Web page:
Then on the Saturday evening Anne came over and cooked me French Cutlets, which has long been our favourite dinner.  Anne also brought over Sydney rock oysters to start. Anne even got my candleabrum going for the occasion so we dined by candle-light. I opened one of my last three bottles of Barossa Pearl. I think it's a brilliant wine  -- slightly sweet, with a slight sparkle and quite fruity -- so it seems crazy that they have discontinued it.

Then on Sunday morning Joe and I had our  usual 9:30am  brunch together at the pie shop We talked (of course) about Mr Trump and politics generally.  Joe was a bit ill but was nonetheless in a good mood for conversation.  We didn't get home until about 11:45.

Then on Sunday night I arranged a secret men's business dinner on my verandah.  Ladies have lots of ladies' lunches so we men need to catch up.  I got my friend Graham up from down Melbourne way and both Joe and my brother also attended.  As well as being a most insightful psychologist, Graham is also an absolute guru in martial arts, Western and Eastern. So he very kindly brought up with him a big armoury of swords to show us.  They were blunted practice swords to avoid mishaps but were otherwise authentic.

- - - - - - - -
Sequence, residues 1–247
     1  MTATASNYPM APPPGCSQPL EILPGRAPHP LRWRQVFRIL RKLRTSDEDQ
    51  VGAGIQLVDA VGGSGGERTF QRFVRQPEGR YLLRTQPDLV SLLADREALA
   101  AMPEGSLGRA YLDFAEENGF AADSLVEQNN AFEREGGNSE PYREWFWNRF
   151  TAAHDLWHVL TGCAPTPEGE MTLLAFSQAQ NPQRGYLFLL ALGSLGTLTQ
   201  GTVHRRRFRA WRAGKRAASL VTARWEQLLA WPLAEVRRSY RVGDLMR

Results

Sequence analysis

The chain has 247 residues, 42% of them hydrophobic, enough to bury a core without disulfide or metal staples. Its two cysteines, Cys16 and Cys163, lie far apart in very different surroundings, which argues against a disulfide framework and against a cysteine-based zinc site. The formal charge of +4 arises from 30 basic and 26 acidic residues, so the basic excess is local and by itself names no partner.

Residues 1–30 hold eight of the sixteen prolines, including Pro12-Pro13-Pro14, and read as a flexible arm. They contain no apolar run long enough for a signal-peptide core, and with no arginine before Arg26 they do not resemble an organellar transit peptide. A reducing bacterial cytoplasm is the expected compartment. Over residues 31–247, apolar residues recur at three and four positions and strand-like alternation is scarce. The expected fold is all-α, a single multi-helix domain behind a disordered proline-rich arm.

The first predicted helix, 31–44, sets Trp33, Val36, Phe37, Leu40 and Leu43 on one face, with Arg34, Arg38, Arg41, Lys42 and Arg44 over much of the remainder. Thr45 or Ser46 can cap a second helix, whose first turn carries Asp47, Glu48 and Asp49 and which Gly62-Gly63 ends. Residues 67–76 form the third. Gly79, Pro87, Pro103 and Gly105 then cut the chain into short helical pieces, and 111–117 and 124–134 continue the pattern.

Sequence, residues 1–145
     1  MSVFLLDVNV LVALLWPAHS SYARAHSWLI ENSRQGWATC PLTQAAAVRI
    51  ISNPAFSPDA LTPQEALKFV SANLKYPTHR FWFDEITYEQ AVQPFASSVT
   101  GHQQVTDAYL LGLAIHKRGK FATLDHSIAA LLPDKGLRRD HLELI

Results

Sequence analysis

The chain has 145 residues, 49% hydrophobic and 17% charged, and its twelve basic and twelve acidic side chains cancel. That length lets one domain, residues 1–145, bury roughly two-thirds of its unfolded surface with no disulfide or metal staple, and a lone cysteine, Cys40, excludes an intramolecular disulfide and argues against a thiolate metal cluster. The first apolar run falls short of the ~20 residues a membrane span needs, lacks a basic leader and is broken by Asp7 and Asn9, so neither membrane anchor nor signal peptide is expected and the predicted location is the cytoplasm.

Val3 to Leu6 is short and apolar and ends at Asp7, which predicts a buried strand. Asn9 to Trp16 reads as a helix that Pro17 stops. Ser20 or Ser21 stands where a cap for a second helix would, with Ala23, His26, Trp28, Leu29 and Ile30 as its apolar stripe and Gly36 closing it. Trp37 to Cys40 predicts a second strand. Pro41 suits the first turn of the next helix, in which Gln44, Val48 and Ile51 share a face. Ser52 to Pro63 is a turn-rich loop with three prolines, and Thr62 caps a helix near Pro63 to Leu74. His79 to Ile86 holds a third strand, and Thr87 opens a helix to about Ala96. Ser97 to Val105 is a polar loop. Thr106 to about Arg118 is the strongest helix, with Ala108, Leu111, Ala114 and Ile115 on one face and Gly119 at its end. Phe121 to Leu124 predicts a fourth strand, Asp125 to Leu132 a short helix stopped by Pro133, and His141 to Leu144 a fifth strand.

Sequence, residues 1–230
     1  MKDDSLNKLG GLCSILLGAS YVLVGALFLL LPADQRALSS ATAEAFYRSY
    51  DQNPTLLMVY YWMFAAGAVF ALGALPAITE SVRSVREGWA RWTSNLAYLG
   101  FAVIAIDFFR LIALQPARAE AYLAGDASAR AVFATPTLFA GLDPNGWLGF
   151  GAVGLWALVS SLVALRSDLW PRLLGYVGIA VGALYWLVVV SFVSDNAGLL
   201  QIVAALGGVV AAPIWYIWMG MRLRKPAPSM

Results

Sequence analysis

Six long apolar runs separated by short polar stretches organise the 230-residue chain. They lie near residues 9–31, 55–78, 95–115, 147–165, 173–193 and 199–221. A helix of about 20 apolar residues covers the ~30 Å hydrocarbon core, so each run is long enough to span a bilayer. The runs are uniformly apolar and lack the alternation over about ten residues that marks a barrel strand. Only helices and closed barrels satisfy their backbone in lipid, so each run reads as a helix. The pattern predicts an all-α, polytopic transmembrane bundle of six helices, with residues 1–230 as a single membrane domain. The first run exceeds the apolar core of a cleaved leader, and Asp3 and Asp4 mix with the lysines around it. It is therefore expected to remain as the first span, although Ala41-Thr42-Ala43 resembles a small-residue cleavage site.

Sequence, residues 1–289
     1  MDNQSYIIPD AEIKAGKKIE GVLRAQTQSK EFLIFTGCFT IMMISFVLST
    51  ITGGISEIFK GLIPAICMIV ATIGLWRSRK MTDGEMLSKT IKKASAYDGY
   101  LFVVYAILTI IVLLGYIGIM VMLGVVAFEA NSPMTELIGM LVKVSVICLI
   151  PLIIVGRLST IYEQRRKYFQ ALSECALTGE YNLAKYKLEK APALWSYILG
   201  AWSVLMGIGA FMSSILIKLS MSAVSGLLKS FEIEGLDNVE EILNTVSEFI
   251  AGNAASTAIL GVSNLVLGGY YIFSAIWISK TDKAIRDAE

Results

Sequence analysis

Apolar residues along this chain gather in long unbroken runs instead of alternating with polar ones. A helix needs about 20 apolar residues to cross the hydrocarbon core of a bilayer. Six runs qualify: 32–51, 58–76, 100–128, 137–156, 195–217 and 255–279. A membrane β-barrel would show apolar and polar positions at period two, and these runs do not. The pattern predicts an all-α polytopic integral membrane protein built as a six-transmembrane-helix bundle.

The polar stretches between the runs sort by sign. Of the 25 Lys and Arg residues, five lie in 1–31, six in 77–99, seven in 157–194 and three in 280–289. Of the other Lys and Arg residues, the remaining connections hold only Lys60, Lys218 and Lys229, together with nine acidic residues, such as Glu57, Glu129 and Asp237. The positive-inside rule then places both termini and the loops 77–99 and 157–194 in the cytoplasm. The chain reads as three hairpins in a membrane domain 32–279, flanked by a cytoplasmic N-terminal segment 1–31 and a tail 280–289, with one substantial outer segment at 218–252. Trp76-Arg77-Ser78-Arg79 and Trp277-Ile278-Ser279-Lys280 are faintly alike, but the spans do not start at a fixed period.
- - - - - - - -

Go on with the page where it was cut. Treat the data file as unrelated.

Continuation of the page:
He said the sabre is the best all-round sword. And he didn't think much of the katana (Japanese samurai sword).  He said that most Western swordsmen could defeat a Samurai.  I mentioned the Klewang to him, which has a record of outclassing a katana but he had not heard of it and said he would look into it.  I asked him about the Gladius but he said it was only useful in the Roman style of fighting behind big shields.

My brother is also a martial arts enthusiast so he and Graham had an interesting time discussing and practicing unarmed combat moves.  From some moves that he showed us it is clear that Graham could break someone's neck in a matter of seconds.  Luckily he is a peaceful and ethical soul so he is no danger to anyone but the baddest of baddies.  I certainly learnt a lot about both swords and unarmed combat.